Born in Rasht, Iran, in 1969, Marjane Satrapi is a comics artist, filmmaker, children’s author and illustrator. She rose to prominence with the publication of her autographical comic, Persepolis. Originally published by the French comics house L’Association between 2000 and 2003 in four volumes, Persepolis was first translated into English (as Persepolis and Persepolis 2 in 2003 and 2004, respectively), and is now available in a single tome.
Growing up in Tehran, Satrapi was sent to study in Vienna in 1983 where she remained until her return to Tehran in 1989. Here, she studied in the School of Fine at the Islamic Azad University. Satrapi emigrated to France in 1998, studying in Strasbourg at the École supériure des arts décoratifs, before moving to Paris.
Mentored by David Beauchard, the founder of the French publishing house L’Association comic, and author of Epileptic (2005 [1996-2003]), Satrapi produced Persepolis. A work written for “non-Iranians” that sets the author’s youth and adolescence against the backdrop of contemporary Iranian history, Persepolis received widespread acclaim, winning the Angoulême Coup de Coeur Award at the Angoulême International Comics Festival in 2001. A “autographic” memoir, Persepolis recounts the devastating impacts of the 1979 Iranian Revolution, and Iran-Iraq war on the author’s life, as well as for Iranian society at large. A dramatic, playful, and humorous narrative, Persepolis is significant for the way that it educates its audience on the differences between image and deeper truths, particularly relating to life in the Middle East.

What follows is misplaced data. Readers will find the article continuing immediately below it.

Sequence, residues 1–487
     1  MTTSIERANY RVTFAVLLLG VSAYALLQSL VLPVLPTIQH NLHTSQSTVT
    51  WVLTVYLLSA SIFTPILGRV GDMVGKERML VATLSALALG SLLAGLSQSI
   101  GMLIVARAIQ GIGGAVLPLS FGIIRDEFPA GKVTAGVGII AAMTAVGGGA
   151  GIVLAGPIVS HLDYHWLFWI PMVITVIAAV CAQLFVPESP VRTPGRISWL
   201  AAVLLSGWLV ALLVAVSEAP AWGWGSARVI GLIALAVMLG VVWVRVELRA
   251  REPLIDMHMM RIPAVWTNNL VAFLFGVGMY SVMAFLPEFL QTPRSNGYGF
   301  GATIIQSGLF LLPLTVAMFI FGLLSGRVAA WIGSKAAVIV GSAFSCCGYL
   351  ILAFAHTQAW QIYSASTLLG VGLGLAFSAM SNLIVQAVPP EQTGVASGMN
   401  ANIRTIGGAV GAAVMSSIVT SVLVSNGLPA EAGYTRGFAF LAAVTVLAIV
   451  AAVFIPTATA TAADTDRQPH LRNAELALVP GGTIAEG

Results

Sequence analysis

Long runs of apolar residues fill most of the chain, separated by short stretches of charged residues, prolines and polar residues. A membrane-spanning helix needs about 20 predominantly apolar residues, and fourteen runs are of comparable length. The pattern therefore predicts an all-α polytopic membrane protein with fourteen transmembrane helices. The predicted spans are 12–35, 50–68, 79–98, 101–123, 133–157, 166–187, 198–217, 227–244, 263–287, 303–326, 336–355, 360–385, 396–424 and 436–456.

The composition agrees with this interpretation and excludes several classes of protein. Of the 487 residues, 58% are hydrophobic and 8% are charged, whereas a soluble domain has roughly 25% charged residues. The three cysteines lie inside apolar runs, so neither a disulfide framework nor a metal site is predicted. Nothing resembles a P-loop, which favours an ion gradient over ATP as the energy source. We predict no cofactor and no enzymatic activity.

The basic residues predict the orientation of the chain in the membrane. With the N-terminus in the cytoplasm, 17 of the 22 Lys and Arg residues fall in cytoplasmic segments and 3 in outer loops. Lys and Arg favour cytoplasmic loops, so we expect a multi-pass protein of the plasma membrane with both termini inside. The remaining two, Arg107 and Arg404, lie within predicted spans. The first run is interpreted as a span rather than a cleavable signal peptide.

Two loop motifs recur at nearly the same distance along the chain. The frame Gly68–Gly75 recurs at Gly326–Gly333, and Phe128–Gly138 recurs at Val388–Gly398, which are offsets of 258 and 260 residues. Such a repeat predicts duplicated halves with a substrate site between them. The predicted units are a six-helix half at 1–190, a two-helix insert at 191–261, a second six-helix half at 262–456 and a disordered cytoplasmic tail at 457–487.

Satrapi’s other comics include Embroderies [Broderies] (2005) and Chicken with Plums [Poulet aux Prunes] (2006/2004). She has worked as an illustrator on the children’s book, Monsters are Afraid of the Moon (2006), and The Sigh (2011).
Satrapi’s autographics explore such themes include loss, difference, and persistence in the wake of traumatic events such as war and revolution. Satrapi’s “simple” and clean drawing style belies the stylistic rigour of her training as a visual artist. Her style incorporates influences from German Expressionist cinema (such as Fritz Lang’s Metropolis , and Nosferatu by F. W. Murnau ), as well as the structural methods used in Persian miniatures.
Persepolis was adapted into a feature-length film in 2007 directed by Vincent Paronnaud and Satrapi, winning the Jury Prize at Cannes Film Festival in the same year, and nominated for Best Animated Feature at the 2008 Academy Awards. Chicken with Plums was produced as a live action film in 2011, winning Best Director for Satrapi and Paronnaud at the Noor Iranian Film Festival. In 2015, Satrapi directed The Voices, a dark comedy about a serial killer.
Satrapi’s work as a comics artist is perhaps best distinguished by her strong authorial voice and striking drawing style.